Tags Posts tagged with "Direct Support Professional"

Direct Support Professional

Source: York Dispatch, Oct. 13, 2021

Pennsylvania’s legislators and governor should be ashamed of themselves. They are not taking care of the people of this state, and it doesn’t seem to bother anyone in the legislature unless it affects them directly.

My children are the most important people in the world to me. My only daughter, Kate, has an intellectual disability and is nonverbal. She sometimes wanders at night. She is at risk for falls. She doesn’t understand ‘stranger danger,’ and she must have help for all her personal care. This means someone has to monitor her activity 24/7. And she can’t be “dropped off at some program” (which is what a legislator once suggested to me), because there simply aren’t enough staff for those programs.

You might ask why we don’t just hire a direct support professional (DSP). Well, there aren’t any to hire. Every week, I call providers. Every week, I’m told “we don’t have staff.” And the reason there isn’t enough staff is that the state does not allocate enough funding to provide the same hourly wage for providers that Pennsylvania pays its own DSPs. Equal pay for equal work is just lip service in Pennsylvania.

The system is broken and it’s just getting worse. I know it’s because government has created this problem, and that makes me angry. We should be progressing. Instead, the system is barely surviving, and that’s the same for my beloved daughter.

So I am Kate’s staff. I am her DSP. I took money out of my retirement fund — paying a stiff tax penalty as a result — so I could give up my career to care for my daughter. That’s what moms do. We care for our children.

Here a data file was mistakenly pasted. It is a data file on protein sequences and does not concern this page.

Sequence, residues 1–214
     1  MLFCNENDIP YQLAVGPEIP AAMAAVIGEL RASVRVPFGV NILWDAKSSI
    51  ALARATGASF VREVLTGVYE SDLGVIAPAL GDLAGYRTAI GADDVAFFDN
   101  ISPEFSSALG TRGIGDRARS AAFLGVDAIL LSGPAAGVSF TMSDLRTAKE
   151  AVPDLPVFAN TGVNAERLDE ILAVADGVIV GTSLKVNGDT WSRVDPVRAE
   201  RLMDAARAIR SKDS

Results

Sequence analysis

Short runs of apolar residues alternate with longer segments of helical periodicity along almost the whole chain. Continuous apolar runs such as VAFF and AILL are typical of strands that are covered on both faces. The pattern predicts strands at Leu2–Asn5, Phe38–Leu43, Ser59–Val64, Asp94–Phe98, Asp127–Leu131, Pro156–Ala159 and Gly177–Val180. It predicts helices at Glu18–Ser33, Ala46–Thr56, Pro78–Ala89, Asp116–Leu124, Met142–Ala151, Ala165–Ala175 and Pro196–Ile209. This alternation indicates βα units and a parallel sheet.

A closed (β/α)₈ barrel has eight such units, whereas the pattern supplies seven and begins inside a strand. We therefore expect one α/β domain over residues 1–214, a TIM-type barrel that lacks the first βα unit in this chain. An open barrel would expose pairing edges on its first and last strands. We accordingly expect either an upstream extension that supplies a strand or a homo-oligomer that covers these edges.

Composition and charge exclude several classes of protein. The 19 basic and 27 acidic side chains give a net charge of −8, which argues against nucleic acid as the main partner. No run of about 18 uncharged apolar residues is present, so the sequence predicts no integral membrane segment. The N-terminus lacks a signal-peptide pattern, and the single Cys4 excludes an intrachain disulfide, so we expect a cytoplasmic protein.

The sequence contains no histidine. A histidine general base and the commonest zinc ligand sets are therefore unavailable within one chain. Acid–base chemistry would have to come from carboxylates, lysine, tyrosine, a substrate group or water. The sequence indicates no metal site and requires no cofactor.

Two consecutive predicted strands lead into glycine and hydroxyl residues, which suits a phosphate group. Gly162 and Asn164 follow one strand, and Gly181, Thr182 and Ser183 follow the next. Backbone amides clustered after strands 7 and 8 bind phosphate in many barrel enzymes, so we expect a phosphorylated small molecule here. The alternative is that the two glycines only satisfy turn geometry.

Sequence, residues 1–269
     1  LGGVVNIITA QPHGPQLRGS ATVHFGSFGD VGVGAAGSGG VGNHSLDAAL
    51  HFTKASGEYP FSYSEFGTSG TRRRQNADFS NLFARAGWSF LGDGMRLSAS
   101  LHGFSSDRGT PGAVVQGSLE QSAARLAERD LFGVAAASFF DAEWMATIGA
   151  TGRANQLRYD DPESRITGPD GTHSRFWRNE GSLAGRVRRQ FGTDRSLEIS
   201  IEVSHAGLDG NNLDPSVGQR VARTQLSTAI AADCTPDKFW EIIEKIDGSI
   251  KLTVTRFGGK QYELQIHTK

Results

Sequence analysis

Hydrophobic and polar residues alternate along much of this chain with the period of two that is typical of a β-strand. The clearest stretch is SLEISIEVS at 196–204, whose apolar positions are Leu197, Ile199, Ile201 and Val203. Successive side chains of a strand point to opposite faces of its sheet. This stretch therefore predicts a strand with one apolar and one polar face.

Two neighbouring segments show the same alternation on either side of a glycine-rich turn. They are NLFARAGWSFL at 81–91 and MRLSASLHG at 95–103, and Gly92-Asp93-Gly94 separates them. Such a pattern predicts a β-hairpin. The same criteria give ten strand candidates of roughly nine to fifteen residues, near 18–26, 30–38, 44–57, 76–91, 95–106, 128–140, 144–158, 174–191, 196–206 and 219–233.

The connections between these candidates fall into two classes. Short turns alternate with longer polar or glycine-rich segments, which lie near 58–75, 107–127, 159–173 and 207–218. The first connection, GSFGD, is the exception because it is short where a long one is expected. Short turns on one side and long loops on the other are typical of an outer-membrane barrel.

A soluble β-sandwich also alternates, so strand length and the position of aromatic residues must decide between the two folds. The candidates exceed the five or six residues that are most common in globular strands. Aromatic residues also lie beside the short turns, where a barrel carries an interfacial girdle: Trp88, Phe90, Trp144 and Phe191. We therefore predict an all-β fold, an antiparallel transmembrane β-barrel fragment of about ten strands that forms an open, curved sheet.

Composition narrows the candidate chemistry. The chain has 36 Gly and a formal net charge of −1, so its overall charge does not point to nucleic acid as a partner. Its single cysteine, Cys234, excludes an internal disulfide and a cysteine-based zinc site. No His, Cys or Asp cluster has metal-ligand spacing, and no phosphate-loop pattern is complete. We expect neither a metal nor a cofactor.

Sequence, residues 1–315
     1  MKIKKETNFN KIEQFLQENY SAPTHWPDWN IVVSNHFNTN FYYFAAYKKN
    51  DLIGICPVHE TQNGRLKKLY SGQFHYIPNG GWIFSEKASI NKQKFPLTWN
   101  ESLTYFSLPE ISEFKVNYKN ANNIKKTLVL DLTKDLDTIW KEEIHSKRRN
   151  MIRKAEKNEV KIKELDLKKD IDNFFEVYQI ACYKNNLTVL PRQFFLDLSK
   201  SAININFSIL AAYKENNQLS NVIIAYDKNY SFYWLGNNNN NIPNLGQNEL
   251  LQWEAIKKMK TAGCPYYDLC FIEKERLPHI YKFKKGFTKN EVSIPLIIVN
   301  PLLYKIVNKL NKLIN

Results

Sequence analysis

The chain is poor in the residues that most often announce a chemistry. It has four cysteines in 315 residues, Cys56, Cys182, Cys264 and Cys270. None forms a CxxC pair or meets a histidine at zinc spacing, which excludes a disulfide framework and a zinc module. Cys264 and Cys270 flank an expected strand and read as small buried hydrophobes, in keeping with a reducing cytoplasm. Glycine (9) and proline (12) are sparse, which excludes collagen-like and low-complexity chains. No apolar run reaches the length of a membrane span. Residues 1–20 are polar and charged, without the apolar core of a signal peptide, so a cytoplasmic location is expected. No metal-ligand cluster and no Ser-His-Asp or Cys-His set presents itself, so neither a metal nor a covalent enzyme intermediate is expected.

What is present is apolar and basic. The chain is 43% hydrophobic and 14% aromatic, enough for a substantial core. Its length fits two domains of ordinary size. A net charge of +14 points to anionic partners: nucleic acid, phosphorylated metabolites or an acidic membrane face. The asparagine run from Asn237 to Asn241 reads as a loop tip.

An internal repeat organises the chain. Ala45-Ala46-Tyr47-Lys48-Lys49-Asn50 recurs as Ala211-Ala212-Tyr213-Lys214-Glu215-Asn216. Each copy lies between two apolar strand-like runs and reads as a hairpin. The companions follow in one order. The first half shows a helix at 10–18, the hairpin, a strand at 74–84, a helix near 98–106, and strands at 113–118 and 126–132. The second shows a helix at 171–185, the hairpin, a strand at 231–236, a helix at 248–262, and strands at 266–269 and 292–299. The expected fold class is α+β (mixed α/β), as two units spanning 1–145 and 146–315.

I work two part-time jobs, relying on family members and friends occasionally to help with Kate, but a full-time, trained DSP is what she needs. My 88-year-old mom needs my support, too, since we lost my dad during the last year. But I cannot provide that support because Kate depends on me.

What’s really bad is that Kate qualifies for more than 65 hours of support per week. That help would allow me to work full-time again and have the energy and financial means to care for Kate in the hours there aren’t any DSPs available. And there doesn’t appear to be an end in sight.

Kate’s moved from provider to provider, but when COVID hit she began regressing terribly because we could not find anyone to work with her. There is a chance we could put Kate in a group home, but even thinking about that option kills my soul. She’s my daughter — just like anyone else’s daughter — and like every parent reading this, I just want the best for my daughter. Some people need more care than others, and Kate’s one of those who needs more.

Every “fix” we have had is temporary. The only real way to fix this problem is for providers to hire more DSPs. But they can’t, because the state simply doesn’t provide the funds for them to do so. What’s worse, Pennsylvania pays its own DSPs (in its state centers, aka institutions) significantly more. That’s in direct conflict with the “equal pay for equal work” principle that Pennsylvania says is so important here.

I won’t give up. I was raised to keep fighting for the people I love. And politicians need to realize that people like Kate and I can vote. It’s shameful that they are not doing their jobs, fulfilling their duties, for people like my Kate. There’s way too much self-serving going on. Legislators push for $15 minimum wage for the average Pennsylvanian, but they pay DSPs significantly less. That’s what we’re dealing with. And sons and daughters are bearing the brunt of those decisions. My daughter is bearing the brunt of them.

Do I sound angry? Well, I am. I’m frustrated, disheartened, disillusioned, and appalled. This is a juggernaut for parents.